PHP, one of the Internet’s most popular development languages, has come a long way since its inception. We can now make use of nifty functions built into the language such as UCWords. This function in particular can save webmasters quite a bit of time in editing titles, descriptions, and editing user input.
UCWords in particular is an easy function to learn since it only accepts one argument: the string that you wish to manipulate. If done correctly, the function will then be able to capitalize the first letter of every word in a given string. Similar functions such as StrToUpper will actual capitalize each letter in the string, so be sure to make the distinction between the bunch.
UCWords is used quite a bit in sanitizing database input for first and last names. Since not every registrant on a website is going to take the time to properly capitalize their name, we use the UCWords function to ensure a sense of conformity. This is especially useful in email marketing, where addressing a registrant by their lowercased name is going to come off as unprofessional.
Webmasters are quite familiar with the Meta tags used to tell search engines what their website is about, and how to display the listing in the search results. UCWords is used in this case to ensure the “Title” attribute of the website is always capitalized. This allows for better efficiency by allowing the designer to disregard capitalizing words, but also ensures there are no errors in letter casing.
By applying the UCWords function to a custom-made function, we can also alter strings to keep certain words lowercased. This is especially important for proper news resources, who know that proper title case is going to mean that some prepositions or words need to remain in lower case. By initializing an array of prepositions and selectively making them lowercased, web developers can ensure that there are no mistakes in how a title should appear.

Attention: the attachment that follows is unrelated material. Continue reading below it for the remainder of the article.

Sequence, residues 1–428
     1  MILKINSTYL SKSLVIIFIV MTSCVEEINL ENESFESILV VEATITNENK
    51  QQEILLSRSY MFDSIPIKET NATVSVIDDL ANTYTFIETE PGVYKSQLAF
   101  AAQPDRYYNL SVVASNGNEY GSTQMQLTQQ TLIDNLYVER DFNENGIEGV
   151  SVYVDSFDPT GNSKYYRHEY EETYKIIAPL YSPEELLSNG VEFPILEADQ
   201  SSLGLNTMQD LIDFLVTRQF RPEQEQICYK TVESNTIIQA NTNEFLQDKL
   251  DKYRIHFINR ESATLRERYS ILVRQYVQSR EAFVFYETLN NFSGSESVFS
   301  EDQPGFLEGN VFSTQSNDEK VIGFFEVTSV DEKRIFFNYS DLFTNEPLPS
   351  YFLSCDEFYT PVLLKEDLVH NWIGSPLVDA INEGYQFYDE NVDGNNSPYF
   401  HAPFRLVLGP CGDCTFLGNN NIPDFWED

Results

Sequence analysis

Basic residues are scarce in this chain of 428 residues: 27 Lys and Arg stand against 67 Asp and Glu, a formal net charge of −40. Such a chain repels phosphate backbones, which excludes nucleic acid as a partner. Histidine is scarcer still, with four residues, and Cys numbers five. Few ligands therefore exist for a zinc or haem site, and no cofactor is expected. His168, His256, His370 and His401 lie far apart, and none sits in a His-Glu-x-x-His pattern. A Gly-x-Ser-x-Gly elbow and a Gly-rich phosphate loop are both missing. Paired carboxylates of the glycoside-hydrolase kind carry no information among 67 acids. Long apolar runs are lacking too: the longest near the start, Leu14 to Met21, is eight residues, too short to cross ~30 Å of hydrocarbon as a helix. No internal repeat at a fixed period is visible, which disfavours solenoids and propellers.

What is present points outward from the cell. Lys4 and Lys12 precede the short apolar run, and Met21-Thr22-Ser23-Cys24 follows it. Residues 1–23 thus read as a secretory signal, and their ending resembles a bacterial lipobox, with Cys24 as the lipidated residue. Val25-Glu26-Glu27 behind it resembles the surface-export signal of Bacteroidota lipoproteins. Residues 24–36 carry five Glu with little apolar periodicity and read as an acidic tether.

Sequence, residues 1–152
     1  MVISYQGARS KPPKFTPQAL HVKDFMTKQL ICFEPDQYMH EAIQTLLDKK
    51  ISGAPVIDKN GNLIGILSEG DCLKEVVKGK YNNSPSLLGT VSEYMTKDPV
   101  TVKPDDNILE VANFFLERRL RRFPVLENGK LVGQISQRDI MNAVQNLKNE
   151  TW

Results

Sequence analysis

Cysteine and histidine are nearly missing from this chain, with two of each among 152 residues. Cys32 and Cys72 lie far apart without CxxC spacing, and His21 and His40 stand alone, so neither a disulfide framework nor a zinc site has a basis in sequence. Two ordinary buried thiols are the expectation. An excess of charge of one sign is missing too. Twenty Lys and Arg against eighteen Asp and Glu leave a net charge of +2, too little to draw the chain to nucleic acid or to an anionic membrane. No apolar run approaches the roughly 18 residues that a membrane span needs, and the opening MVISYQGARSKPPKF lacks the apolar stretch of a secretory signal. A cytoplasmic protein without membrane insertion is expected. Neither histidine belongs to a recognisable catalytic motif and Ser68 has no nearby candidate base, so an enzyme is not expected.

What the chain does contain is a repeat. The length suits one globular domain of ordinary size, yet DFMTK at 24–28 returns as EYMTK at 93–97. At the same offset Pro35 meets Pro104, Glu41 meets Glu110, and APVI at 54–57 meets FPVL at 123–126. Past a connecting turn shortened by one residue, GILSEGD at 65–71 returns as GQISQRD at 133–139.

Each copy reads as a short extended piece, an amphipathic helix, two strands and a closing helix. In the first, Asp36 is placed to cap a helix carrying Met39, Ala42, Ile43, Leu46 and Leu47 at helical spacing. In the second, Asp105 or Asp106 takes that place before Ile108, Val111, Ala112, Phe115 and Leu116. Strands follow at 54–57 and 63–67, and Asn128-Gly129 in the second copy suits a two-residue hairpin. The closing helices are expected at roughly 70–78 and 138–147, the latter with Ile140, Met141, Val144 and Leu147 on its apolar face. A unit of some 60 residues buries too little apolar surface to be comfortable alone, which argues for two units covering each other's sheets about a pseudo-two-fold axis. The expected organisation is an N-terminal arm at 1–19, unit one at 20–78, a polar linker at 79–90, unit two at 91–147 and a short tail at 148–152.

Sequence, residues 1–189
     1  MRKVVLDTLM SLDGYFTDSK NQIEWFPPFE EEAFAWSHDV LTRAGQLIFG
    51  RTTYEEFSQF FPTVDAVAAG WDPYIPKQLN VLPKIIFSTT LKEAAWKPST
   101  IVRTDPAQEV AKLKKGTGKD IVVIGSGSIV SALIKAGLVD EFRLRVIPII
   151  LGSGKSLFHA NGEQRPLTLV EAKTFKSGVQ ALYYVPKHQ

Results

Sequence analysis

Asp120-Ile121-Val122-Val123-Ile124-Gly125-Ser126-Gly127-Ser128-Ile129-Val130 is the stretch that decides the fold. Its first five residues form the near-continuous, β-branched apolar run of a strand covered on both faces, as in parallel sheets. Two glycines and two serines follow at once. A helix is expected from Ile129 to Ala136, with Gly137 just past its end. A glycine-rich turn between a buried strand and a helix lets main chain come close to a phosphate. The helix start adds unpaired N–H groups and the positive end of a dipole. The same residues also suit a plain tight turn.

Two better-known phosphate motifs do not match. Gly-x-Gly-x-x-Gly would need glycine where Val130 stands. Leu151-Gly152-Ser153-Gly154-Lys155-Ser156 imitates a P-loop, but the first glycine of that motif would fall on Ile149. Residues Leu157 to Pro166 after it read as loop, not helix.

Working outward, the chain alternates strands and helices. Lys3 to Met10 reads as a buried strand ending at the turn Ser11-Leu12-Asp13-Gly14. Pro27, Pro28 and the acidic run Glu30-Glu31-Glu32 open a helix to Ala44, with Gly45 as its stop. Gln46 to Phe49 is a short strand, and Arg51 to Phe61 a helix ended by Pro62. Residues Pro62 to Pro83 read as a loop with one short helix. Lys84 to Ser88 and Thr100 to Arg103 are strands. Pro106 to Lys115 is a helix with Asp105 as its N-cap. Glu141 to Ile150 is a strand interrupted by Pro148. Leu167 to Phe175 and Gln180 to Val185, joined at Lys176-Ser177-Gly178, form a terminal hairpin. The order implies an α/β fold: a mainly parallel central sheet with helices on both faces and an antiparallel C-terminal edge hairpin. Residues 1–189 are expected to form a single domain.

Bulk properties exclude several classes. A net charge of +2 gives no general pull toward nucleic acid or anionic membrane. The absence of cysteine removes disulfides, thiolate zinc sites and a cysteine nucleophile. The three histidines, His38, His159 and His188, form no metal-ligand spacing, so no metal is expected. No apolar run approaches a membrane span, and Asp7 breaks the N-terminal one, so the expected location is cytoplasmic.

It’s important to note that the UCWords function isn’t always going to render foreign characters correctly. While this should be fixed in the next version of PHP version thanks to the fact that multi-language support is being added, for now users of certain text encoding structures will have to create custom functions to get this to work properly. This is obviously a setback, but this will not affect the majority of web developers around the world.
In the end, UCWords is quite a benefit to web developers. It’s quite a help for everyone from editors to the general webmaster, simply because attention doesn’t have to be paid to titles or database input. For more information on this function, you should consult the PHP manual or search for further examples of usage in trusted PHP resources around the Internet.